by William Reynolds
“Everybody would just love to see one of them sunk…that’s what we’re here for! Sink the bloody things!”
– Royal Navy crewman interviewed on HMS Bacchante (1975)
“Gunboats? Threatening the civilian citizens of NATO ally over fish? Have you lost your fucking minds?”
–Victoria Freeman, Twitter (2020)
Although separated by 45 years and vast differences of opinion, the two statements above accurately reflect what can only be described as a clash of competing fantasies currently taking place on social media. A recent article in The Guardian highlighting the readied usage of four Royal Navy vessels to patrol British waters in the case of a No Deal between the European Union (EU) and United Kingdom (UK), and its comparison to the Cod Wars, has proliferated commentary on the case of fish and how best to manage them.
Immediately after The Guardian’s publication, a number of well-respected academics and practitioners waded into the debate. Sir Lawrence Freedman, also alluding to the comparison made, reminded us that Britain ‘lost’ all three of the Anglo-Icelandic fishery disputes, coined the Cod Wars (1958-61, 1972-73 and 1975-76). Elisabeth Braw couched the news in deterrence terms, referring to it sounding “like a parody”. By contrast, the various jingoistic calls for force through attacking retweets of MP and Chair of the Defence Select Committee Tobias Ellwood’s exasperation very much mirrored Brexit MEP Robert Rowland, who in 2019 called for any foreign fishing vessel in British waters be “given the same treatment as the Belgrano!”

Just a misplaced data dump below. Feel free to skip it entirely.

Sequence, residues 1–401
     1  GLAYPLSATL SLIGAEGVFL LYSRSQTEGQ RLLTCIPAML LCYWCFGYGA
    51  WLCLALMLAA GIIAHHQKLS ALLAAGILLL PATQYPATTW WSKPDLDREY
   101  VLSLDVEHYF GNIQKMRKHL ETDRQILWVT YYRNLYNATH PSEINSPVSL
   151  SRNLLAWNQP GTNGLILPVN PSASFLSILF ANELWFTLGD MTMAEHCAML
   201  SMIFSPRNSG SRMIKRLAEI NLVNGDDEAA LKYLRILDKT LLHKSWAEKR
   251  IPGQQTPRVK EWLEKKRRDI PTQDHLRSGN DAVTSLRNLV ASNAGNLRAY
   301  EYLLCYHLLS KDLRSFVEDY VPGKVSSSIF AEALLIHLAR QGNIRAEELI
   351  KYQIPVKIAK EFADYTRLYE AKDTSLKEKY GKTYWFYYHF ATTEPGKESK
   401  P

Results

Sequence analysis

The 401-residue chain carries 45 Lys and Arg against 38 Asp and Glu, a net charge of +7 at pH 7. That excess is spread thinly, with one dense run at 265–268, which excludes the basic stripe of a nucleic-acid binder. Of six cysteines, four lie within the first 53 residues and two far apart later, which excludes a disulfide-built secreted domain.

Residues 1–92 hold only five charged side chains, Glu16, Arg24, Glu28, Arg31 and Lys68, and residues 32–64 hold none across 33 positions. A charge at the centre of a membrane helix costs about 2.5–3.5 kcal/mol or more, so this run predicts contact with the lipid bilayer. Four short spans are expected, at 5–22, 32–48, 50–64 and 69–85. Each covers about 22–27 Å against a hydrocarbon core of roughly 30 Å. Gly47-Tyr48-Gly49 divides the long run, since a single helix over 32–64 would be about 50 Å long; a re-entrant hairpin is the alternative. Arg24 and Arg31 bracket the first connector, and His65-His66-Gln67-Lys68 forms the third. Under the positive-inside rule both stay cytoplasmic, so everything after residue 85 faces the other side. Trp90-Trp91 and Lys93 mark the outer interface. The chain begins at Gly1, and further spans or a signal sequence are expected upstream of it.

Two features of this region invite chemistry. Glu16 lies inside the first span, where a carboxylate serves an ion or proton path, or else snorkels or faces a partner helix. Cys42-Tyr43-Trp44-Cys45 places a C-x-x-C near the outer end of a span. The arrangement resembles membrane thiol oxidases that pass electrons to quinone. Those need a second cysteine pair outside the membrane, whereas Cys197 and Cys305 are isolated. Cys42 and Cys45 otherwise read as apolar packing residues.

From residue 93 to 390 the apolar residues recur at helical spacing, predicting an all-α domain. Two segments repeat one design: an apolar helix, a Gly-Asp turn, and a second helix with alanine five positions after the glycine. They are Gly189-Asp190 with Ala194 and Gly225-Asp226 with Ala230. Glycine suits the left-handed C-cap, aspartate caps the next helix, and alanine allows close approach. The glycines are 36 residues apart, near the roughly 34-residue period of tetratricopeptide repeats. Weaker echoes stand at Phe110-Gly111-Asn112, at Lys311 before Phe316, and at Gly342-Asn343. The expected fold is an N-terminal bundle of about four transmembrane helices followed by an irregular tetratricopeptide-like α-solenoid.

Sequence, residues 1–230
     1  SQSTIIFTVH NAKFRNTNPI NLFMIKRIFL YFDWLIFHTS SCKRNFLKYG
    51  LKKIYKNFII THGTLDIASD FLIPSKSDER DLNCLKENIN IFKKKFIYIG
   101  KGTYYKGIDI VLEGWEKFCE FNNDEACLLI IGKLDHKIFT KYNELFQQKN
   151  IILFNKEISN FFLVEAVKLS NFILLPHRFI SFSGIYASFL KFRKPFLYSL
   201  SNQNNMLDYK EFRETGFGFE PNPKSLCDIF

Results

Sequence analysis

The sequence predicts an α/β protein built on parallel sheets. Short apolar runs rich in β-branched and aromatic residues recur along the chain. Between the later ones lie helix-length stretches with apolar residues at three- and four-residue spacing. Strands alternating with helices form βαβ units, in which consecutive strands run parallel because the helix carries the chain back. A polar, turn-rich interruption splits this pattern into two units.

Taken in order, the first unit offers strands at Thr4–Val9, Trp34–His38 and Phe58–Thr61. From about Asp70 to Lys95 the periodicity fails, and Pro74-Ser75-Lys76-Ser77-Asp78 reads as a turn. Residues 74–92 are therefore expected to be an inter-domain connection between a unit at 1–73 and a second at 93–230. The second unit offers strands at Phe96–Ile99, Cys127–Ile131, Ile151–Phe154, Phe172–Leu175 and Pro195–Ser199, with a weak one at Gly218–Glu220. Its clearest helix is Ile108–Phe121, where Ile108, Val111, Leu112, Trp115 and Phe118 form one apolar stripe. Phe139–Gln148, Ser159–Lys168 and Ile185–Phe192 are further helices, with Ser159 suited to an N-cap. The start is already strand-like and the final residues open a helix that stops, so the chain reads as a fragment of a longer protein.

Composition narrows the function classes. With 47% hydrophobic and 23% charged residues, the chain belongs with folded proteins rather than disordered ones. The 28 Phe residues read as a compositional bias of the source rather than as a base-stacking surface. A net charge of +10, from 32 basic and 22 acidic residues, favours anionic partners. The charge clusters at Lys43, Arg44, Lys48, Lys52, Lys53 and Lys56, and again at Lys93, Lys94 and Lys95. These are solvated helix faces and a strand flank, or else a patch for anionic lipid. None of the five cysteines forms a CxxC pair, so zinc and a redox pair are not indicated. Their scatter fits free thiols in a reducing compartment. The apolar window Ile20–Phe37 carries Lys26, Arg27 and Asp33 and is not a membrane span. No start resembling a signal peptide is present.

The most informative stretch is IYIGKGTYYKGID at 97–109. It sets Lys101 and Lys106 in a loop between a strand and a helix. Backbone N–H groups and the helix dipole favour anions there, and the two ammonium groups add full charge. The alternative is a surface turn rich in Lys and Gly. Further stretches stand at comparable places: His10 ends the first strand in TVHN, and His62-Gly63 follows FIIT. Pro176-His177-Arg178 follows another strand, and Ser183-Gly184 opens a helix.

In reality, and perhaps a consequence of the lack of nuance on social media, both ‘sides’ support arguments that can only be described as simplistic in the extreme. First, and foremost, the Cod Wars are not an appropriate comparison for the current situation around UK waters, and The Guardian article has much blame to shoulder for alluding to the connection. Whilst the operational, day-to-day activities that took place during the successive ‘wars’ may offer some insights into the UK-EU tensions, strategically both cases are in very different places. Secondly, the narrative regarding the ship deployments itself is false. Rather than being seen as deployment in response to the tensions, the Fishery Protection Squadron should instead be seen for what it really is, an expansion of already conducted duties by default.